World Series of Poker Europe

Inside the Poker Tour 14 - From the WSOP

Inside the Poker Tour 14 - From the WSOP 0001

The ten thousand dollar Omaha pot-limit tournament at the 2005 WSOP had an interesting structure (I have seen it before, but perhaps some readers have not.).

You were given five thousand in chips originally and at any time in the first three levels that you wished you are given five thousand more in chips, for nothing! Similar structures often have a token or small buy-in for the one optional re-buy (such as 1000 for your first five thousand in chips and fifty more dollars for your second five thousand at any time that you wish—in effect everyone will spend 1050 and get 10,000 total in chips), it is clear to me that this was done in an effort to please the pot-limit Omaha players who fear getting knocked out with one dollop of chips to compete with. 165 players began this event on July 2 and some of them added the optional chips to their stacks right away. Is this the correct strategy? Well it depends on your style but I do not think it is very often right, although many will argue that it is! The players that favor adding on right away are those that think they rate to have the better hand when all the money goes in—but wait this is Omaha where draws abound, and are even favored at times.

The segue here is to a featured hand that came up in the 10,000 buy-in pot-limit event at this WSOP. It is late in the event, although not at the money yet (they paid 18 spots), and two of the leaders (Barry Greenstein and Simon Trumper) go head to head in the following hand, which has raised an important ethical issue for debate amongst the professionals here. Barry holds KsJsJc10c and Simon As8s10d8d and Barry raises on the button, the flop comes QsJh6s with 5000 in the pot and Barry bets 4500 with Simon calling. The turn comes the Ace of clubs and Barry now has the "nuts" with the best possible straight made, a set, and the second highest possible flush draw. He bets the pot which is now 14,000, Simon thinks for a long time and this is considered acceptable by most of us because he has a lot to think about—a King or a nine might be a winner and the spades that do not pair the board are the nuts, on top of which he has the top pair—is it possible that the pair of Aces alone are good? Simon could throw the hand away and still be in a good position in the tournament chip-wise but he likely knows that Barry might have a better hand, and also might be 'smelling weakness' and trying to blow him off a winner with the thought that Simon will only risk his chips in this spot with a very strong hand. After long thought Simon calls.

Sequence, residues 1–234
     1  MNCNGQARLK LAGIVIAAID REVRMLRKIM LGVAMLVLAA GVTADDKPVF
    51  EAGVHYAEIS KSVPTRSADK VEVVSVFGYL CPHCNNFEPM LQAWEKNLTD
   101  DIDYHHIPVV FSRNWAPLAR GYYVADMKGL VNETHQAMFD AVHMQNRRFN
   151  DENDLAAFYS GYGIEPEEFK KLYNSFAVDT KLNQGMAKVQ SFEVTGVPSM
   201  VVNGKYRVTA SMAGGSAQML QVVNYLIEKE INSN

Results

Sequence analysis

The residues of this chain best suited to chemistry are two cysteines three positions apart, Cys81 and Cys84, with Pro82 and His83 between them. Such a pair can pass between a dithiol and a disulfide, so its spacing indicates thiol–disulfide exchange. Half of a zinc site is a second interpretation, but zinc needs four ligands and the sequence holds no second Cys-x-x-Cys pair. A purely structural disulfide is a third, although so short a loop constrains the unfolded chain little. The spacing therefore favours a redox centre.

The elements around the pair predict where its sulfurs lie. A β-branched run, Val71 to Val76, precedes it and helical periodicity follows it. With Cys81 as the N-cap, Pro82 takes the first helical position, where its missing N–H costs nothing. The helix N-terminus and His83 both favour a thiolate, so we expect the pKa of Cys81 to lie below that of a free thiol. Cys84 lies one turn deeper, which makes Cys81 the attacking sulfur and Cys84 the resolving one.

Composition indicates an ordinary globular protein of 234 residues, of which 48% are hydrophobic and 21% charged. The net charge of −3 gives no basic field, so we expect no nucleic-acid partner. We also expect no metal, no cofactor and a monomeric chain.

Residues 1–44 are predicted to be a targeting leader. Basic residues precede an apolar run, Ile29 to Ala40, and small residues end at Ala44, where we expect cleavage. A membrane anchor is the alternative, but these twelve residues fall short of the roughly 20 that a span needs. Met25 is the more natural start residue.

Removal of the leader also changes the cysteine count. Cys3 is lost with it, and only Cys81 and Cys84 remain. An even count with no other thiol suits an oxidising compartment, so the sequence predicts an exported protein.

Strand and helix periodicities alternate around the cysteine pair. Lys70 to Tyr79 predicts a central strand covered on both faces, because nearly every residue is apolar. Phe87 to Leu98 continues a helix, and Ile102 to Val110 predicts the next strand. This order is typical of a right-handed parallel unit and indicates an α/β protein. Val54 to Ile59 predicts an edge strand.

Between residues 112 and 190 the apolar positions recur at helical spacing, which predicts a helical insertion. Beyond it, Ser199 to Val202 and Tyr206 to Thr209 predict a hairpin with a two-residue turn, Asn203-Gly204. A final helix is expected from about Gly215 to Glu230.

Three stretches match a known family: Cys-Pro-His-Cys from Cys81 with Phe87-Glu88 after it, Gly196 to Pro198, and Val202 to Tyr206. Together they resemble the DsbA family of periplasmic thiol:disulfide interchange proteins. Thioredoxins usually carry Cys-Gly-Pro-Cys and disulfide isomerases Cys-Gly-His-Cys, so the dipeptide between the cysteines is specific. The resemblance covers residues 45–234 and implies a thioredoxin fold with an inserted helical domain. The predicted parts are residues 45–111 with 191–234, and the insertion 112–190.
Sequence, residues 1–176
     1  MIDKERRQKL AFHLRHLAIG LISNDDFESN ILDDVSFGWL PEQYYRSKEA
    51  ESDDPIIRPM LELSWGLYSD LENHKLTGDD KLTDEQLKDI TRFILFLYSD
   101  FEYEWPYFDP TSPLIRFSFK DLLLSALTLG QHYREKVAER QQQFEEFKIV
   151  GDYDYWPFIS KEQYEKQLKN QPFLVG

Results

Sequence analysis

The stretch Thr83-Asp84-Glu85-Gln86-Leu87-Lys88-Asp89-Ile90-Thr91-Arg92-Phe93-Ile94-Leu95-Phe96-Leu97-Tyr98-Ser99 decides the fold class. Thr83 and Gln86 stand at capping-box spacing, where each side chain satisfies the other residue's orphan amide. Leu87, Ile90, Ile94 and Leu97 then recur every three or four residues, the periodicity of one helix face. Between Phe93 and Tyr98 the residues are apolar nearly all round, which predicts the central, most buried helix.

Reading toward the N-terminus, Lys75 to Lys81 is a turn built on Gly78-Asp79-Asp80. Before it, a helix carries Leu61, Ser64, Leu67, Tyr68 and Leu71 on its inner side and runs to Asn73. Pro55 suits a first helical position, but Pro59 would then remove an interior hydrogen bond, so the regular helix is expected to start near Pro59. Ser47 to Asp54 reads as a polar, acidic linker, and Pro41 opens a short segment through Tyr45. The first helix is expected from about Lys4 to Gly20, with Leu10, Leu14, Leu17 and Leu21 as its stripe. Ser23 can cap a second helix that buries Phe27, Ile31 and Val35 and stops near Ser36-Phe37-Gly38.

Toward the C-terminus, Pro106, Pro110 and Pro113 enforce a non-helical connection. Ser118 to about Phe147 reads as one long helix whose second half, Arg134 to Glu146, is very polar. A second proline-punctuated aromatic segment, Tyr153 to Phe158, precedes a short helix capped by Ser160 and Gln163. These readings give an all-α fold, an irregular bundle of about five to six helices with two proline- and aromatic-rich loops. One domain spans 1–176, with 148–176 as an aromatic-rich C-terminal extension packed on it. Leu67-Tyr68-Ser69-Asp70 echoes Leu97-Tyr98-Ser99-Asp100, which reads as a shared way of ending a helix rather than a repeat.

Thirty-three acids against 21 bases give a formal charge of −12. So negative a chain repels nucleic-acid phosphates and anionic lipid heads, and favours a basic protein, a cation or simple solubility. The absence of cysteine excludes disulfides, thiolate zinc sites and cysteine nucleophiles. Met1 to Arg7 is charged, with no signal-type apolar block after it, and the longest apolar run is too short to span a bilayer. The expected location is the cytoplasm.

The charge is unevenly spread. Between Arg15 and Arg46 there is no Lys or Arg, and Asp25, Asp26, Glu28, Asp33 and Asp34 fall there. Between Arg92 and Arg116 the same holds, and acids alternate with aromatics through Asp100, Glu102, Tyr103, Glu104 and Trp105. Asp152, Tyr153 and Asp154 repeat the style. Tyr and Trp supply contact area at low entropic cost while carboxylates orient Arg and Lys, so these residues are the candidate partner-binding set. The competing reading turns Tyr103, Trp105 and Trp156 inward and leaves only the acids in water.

Now let me mention a few other relevant things. Barry had not played with Simon before and did not yet have a complete read on him. I have played no-limit holdem at previous WSOP's with Simon and he makes my "human rain-delay" team, which is not a good thing, because he is a tough European professional that knows where he is at in most hands, and further, knows what his own action is likely to be. For beginners long thinks are more natural because they do not know where they are at in hands, but for professionals in most situations they should act within 15 seconds. I typically know what I am going to do within a small fraction of one second and have to force myself to always take 3 seconds or so for every decision so that I create something of a natural field for all my actions.